The Telescope

Popular Science's FYI editor compiles facts about the telescope.

While no one knows for certain who invented the telescope, Galileo was the force behind its development. He built his first telescope in 1609 and later discovered the nature of the Milky Way, the satellites of Jupiter, the phases of Venus, the contours of the moon, the rotation of the sun, and sun spots.

An amateur seeking a first telescope would likely choose between reflecting and refracting scopes. Reflectors use mirrors and typically enable you to see more deeply into the sky than refractors, which use lenses and are best for magnifying the details of objects that are relatively close, such as the moon and planets. Experts are emphatic about one piece of advice: Visit a local astronomy club.

Besides visible light, large, professional telescopes also examine such different types of electromagnetic radiation, or "light," as ultraviolet light, infrared, X rays, gamma rays, and radio waves.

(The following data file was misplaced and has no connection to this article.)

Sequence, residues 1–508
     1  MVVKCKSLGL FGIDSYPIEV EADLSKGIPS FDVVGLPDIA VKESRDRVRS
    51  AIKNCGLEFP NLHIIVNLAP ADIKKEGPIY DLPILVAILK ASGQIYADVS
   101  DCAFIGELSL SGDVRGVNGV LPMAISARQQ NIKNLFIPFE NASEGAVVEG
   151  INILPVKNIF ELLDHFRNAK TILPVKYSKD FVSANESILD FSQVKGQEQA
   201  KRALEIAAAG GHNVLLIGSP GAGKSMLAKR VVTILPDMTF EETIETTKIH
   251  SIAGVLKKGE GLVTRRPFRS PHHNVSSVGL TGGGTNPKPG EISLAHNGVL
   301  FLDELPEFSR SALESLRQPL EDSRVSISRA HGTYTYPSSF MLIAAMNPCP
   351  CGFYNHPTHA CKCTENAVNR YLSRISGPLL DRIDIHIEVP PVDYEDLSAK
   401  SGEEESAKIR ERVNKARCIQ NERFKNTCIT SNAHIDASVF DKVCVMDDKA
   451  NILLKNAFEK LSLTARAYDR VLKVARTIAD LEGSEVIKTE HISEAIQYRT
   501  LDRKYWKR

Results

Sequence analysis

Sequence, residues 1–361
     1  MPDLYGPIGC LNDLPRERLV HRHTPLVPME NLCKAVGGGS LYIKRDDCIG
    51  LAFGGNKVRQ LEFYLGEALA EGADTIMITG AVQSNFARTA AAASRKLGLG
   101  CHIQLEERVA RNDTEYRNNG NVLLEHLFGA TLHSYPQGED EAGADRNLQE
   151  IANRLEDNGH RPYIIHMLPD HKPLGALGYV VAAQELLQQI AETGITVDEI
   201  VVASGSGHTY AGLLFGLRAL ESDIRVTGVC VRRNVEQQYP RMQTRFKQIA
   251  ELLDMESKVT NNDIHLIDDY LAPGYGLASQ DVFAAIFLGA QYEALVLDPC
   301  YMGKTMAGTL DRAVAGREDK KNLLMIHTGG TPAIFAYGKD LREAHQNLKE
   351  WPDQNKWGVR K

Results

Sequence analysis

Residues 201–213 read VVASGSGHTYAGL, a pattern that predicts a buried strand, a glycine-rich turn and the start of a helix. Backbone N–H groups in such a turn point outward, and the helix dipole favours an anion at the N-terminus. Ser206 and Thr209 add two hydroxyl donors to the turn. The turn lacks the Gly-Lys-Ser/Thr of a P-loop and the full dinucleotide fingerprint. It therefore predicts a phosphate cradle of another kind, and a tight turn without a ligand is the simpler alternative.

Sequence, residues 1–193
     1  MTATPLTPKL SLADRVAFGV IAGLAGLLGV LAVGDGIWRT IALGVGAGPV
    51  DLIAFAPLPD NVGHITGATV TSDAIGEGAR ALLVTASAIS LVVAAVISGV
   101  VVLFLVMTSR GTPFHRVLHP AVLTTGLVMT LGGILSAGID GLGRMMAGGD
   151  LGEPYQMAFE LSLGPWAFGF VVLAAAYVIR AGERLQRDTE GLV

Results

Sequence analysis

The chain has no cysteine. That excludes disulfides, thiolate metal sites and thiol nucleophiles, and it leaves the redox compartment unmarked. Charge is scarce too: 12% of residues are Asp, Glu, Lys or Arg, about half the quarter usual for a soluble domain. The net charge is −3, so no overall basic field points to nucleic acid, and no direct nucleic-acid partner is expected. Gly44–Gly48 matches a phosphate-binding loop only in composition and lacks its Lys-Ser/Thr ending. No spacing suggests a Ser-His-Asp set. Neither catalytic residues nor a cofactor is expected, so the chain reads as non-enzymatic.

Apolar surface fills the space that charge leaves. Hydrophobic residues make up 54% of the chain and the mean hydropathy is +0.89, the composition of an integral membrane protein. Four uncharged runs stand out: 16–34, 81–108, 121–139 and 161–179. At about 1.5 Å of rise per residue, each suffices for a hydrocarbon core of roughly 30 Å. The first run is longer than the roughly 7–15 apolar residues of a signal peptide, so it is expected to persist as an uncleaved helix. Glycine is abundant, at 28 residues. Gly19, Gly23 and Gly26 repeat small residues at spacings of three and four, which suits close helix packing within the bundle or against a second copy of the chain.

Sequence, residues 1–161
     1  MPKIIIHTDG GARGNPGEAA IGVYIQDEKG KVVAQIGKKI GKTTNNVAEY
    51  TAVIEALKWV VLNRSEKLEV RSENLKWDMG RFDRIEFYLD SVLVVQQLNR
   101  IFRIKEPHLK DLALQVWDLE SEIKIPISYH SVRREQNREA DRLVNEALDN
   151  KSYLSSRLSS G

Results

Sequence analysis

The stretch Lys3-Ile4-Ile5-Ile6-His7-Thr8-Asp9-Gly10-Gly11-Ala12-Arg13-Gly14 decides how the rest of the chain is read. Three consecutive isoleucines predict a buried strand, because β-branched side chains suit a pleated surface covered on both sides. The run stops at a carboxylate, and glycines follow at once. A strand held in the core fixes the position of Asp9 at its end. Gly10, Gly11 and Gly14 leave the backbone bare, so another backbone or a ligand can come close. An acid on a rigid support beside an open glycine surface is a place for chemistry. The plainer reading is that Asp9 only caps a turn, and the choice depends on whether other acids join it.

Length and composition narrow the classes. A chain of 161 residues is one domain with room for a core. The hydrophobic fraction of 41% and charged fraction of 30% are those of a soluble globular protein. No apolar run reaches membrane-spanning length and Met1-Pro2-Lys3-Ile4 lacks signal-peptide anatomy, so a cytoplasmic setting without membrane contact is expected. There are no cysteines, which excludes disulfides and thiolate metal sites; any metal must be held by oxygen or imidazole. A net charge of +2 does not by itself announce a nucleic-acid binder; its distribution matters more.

At present, each of the twin Keck telescopes, with 10-meter-diameter primary mirrors, at Mauna Kea, Hawaii, qualifies as the world's largest optical telescope. Should the four main 8-meter telescopes of the European Southern Observatory's Very Large Telescope be used together, their reflectors would have more total area than the two Kecks. When completed in the year 2003, the Large Binocular Telescope on Mt. Graham in Arizona will be the largest telescope in the world on a single mounting-two 8.4-meter telescopes mounted like binoculars. For many observations, the diameter of the primary mirror is not as important as how efficient it is at concentrating starlight into images. Many telescopes that are in use or are just coming online in the 6.5- to 10-meter class are near each other in efficiency.

The Hubble Space Telescope runs on sunlight, making it the ultimate cordless power tool. In its 11 years of surveying the heavens, it has made 390,000 exposures and probed 15,700 celestial targets.

NASA's Next-Generation Space Telescope, expected to replace Hubble, will be far more sensitive and able to see much farther. It should be able to see the first luminous objects that formed after the Big Bang.

Compiled by Bob Sillery